Kneale completed the script in February 1973, after which preliminary filming work began. However, for various reasons, the BBC got cold feet, and the serial was cancelled in the summer of that year.

The BBC's rights to the serial expired in 1975, by which time Kneale was working for ITV on projects such as Murrain and Beasts. Then, in 1977, Star Wars arrived on the scene and suddenly everyone was interested in science-fiction again. In particular, Euston Films, an ITV film subsidiary, became interested - perhaps, in part, because it was overseen by blog goddess and famous Doctor Who producer Verity Lambert. And Euston wanted both a four-part TV series and a movie.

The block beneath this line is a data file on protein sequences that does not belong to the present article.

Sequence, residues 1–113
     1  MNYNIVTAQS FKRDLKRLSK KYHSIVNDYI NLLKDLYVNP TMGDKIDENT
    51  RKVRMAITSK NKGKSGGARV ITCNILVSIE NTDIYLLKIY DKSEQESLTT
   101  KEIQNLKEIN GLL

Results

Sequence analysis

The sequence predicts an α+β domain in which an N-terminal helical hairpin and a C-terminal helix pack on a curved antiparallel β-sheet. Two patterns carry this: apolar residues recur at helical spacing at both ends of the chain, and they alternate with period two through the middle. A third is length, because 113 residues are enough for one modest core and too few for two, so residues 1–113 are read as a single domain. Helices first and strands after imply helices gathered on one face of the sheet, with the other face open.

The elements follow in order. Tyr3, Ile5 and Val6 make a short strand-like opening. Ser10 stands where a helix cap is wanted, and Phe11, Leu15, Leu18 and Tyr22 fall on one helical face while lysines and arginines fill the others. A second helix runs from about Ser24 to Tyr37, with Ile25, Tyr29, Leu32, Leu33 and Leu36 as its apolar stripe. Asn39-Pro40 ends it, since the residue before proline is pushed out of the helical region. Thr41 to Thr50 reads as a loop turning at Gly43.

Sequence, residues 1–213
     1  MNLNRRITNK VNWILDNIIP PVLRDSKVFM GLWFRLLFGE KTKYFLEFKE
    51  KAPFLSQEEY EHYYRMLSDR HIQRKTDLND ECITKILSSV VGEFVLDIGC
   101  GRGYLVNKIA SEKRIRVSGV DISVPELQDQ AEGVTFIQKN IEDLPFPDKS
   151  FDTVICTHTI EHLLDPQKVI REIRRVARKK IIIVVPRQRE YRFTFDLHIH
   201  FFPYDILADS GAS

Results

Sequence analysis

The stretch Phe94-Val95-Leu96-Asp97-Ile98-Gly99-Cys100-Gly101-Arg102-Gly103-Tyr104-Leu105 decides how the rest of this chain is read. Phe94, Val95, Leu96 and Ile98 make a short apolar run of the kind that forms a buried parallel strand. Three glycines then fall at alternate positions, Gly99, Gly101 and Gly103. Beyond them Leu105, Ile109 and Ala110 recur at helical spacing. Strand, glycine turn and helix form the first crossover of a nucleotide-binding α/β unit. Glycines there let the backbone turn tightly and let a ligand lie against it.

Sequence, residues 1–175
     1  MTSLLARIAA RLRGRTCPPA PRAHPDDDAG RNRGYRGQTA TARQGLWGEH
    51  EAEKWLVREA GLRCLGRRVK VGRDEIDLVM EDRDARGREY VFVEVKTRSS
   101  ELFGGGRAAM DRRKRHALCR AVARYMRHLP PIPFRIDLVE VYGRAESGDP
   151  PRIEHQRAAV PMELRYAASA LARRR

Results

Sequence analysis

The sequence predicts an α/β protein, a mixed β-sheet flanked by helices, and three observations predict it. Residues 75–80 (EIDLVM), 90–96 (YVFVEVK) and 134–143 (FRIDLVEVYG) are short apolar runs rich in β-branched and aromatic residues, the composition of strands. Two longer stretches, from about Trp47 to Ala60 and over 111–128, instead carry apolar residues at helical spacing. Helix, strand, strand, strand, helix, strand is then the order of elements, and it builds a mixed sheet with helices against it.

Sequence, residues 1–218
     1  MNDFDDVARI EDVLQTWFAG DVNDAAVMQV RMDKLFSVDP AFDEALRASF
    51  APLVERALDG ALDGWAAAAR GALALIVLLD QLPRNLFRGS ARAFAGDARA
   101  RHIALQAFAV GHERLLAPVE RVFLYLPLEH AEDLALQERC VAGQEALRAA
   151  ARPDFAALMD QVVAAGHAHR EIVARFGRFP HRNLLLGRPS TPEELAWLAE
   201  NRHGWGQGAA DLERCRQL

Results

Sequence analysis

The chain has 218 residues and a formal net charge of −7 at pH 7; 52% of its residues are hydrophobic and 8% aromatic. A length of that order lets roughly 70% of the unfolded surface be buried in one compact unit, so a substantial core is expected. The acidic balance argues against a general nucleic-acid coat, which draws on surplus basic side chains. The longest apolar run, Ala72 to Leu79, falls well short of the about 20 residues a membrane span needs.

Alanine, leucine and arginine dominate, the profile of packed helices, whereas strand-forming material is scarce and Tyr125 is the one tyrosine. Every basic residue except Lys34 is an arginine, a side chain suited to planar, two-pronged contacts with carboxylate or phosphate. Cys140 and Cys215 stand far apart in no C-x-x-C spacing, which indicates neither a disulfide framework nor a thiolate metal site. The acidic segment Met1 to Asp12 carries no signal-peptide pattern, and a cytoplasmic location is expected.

Guess what’s going to be released on Blu-Ray next week. Yes, after the jump, we’re going to be looking at the forthcoming release of Quatermass and The Quatermass Conclusion - the final adventures of Professor Bernard Quatermass (almost)

Here’s a trailer or three.

Continue reading "Kneale Before Nigel: Quatermass/The Quatermass Conclusion (1979)"

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July 15, 2015

Review: Glitch 1x1 (Australia: ABC)

Posted on July 15, 2015 | Post a comment | Bookmark and Share

Glitch

In Australia: Thursdays, 8.34pm (no, really), ABC
in the UK: Not yet acquired

The dead are coming back to life and this time they’re Australian! Well, most of them are, anyway.

Indeed, ABC’s new Glitch is exploring a path that the likes of Les Revenants, The Returned, Resurrection, Babylon Fields, et al have already trod well, with a small isolated town shaken up by the return of people once thought dead - thought dead because they actually were dead. And indeed, tonally, it’s very similar, being slow, thoughtful, consumed with the emotional impact of such a miraculous event and its real-world consequences.